Twitter (TWTR) reports earnings Wednesday after market close. Closing its first quarter as a publicly traded company, investors will be watching closely. While a number of metrics are worth looking into when the results are released, one metric is particularly important for long-term investors: monthly active users, or MAUs. With less than a fifth of Facebook's MAUs, investors should hope Twitter's MAUs are still growing robustly in order to leverage its profit potential.
If Twitter was still trading at its $26 IPO price, eyeing Twitter's growth trajectory wouldn't be as important. But with shares up 140% from those levels, the stakes have been raised, making growth incredibly important to stock's story.
While revenue growth is obviously important, Twitter is ultimately dependent on its MAUs which are the foundation of a social network. Not only do they drive advertiser interest and other revenue opportunities, but they are also the foundation of a social network's competitive advantage -- a network effect. The more MAUs a company has relative to its peers, the larger and more effective the network effect.
Given Twitter's extremely forward-looking valuation, investors should hope that it maintains current growth levels in the fourth quarter. In Twitter's third quarter, total MAUs were up 39% year over year and 6.4% sequentially. For Twitter to grow its MAUs at about 6% sequentially in its fourth quarter, it would need to report about 246 million MAUs, or a 34% gain from the year-ago quarter.
Is Twitter's slowing U.S. growth a concern?
But investors should look at Twitter's regional MAU growth, too. Its U.S. market is especially important.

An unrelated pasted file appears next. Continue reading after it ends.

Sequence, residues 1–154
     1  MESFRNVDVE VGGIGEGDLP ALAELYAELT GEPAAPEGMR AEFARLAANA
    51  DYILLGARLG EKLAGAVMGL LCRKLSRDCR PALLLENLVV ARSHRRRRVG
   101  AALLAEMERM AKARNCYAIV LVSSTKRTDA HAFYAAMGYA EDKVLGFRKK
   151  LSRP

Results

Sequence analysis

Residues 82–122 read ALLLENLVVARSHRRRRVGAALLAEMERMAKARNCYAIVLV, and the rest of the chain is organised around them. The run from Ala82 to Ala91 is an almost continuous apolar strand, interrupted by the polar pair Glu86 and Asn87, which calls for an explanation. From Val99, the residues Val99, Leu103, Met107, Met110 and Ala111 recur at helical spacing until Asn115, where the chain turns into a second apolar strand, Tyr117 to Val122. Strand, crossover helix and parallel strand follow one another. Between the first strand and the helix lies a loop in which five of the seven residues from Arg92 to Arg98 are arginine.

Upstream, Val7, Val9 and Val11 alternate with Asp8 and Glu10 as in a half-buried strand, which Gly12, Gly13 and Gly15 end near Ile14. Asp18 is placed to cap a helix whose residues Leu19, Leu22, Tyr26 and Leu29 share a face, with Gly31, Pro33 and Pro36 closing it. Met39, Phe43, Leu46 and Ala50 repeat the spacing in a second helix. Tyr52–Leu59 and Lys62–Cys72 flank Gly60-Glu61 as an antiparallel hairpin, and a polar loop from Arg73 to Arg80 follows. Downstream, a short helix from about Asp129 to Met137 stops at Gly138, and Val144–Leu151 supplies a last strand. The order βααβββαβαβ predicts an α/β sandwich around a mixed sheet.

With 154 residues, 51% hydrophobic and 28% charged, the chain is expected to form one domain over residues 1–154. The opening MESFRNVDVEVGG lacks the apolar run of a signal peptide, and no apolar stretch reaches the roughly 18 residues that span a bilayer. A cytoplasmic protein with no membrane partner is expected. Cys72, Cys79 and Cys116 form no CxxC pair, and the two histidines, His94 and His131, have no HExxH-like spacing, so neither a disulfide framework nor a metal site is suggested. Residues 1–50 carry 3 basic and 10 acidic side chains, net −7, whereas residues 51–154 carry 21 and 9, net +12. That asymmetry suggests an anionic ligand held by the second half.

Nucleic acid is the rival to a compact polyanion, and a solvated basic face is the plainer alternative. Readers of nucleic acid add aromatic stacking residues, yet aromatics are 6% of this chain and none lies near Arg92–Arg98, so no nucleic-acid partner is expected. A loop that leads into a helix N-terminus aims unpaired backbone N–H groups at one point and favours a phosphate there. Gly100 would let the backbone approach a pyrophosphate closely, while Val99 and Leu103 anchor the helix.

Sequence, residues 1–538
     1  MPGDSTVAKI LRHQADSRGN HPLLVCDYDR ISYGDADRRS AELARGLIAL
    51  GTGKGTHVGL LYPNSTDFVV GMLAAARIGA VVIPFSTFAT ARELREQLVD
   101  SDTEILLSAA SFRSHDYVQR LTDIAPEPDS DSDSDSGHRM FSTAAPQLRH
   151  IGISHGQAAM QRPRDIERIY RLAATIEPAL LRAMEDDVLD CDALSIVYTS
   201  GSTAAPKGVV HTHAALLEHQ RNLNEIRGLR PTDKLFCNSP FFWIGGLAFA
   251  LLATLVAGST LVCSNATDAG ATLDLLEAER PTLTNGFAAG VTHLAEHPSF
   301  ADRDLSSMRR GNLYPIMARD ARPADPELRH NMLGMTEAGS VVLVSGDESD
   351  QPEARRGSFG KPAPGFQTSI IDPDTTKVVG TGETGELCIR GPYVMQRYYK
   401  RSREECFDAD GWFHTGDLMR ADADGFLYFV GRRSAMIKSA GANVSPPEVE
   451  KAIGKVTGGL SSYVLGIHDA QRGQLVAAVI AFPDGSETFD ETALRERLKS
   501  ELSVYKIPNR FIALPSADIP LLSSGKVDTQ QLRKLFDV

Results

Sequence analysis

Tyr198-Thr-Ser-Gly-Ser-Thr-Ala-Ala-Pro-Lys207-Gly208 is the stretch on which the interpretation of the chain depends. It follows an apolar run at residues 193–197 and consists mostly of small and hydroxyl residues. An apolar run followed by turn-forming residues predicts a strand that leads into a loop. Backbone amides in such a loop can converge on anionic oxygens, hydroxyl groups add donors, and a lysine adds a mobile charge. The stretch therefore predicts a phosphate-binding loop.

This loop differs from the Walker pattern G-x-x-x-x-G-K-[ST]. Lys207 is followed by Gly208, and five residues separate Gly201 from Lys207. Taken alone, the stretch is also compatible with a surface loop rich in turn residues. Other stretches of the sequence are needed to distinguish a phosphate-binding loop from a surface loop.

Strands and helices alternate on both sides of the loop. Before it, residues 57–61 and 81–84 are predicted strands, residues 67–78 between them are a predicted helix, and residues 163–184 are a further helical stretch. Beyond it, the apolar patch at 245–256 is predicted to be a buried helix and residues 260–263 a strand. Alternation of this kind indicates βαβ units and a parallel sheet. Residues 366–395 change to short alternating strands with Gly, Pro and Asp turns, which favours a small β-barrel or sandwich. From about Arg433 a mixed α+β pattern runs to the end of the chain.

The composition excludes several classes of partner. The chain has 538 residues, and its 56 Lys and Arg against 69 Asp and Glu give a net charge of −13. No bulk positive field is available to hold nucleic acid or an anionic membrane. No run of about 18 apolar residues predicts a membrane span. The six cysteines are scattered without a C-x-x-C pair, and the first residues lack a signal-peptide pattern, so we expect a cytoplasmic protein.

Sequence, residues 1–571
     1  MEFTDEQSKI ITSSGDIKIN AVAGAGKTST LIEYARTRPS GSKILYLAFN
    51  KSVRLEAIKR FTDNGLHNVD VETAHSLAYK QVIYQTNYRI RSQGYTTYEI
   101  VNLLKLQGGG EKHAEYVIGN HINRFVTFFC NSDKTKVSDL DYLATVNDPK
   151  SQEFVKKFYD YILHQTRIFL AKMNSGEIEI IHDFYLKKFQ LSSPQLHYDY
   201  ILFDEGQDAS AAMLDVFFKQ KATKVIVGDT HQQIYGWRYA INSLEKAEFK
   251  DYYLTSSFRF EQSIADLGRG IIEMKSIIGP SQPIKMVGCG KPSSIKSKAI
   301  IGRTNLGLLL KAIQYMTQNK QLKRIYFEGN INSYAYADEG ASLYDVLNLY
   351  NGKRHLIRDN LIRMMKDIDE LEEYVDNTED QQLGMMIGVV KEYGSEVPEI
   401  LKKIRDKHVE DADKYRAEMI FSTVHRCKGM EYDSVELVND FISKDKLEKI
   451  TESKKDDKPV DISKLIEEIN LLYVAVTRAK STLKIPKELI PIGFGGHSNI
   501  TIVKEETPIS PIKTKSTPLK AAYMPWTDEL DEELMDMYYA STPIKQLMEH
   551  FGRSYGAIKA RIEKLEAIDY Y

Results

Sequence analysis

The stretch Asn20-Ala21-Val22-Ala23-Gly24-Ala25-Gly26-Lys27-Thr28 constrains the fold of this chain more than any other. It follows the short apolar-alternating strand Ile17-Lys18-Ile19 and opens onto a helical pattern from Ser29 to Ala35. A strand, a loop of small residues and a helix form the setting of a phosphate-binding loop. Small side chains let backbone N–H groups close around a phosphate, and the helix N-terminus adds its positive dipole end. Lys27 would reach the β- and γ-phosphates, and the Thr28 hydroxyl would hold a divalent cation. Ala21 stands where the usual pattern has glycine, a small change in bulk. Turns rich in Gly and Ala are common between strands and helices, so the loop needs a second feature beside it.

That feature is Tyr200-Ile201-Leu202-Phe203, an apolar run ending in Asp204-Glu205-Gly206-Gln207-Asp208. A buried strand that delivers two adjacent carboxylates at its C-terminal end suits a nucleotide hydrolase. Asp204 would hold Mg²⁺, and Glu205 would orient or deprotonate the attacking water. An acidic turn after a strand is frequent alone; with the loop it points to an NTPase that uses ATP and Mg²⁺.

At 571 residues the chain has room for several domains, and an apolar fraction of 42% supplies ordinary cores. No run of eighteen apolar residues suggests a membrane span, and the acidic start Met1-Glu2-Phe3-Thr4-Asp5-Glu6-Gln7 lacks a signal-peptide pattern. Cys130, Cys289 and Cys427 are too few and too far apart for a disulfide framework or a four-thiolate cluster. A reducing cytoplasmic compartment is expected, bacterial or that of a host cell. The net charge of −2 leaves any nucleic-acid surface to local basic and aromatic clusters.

While Twitter's U.S. market is still growing nicely, the growth is decelerating. Twitter's average sequential growth rate in U.S. MAUs in the past four quarters was 7.4%. While that growth rate handily beats Facebook's 1% average rate in its U.S. and Canada market, it's notably slower than the Twitter's U.S. average a year ago of 10.3%.
For Twitter's total MAU base to keep up its current growth, either U.S. or international growth must accelerate. But the former would be preferable to the latter; the value of Twitter's international growth doesn't come close to the value of its domestic growth. In the U.S., Twitter recorded $2.58 in ad revenue per 1,000 timeline views, or ARPTV, in the previous quarter, compared to just $0.36 in ARPTV internationally.
Can Twitter live up to its valuation?
That's the big question going into Twitter's fourth-quarter earnings report. Trading at 66 times sales compared to Facebook at 24 times sales, Twitter will need to post some big numbers to keep investors happy. So keep an eye on Twitter's MAU growth -- particularly its U.S. MAU growth.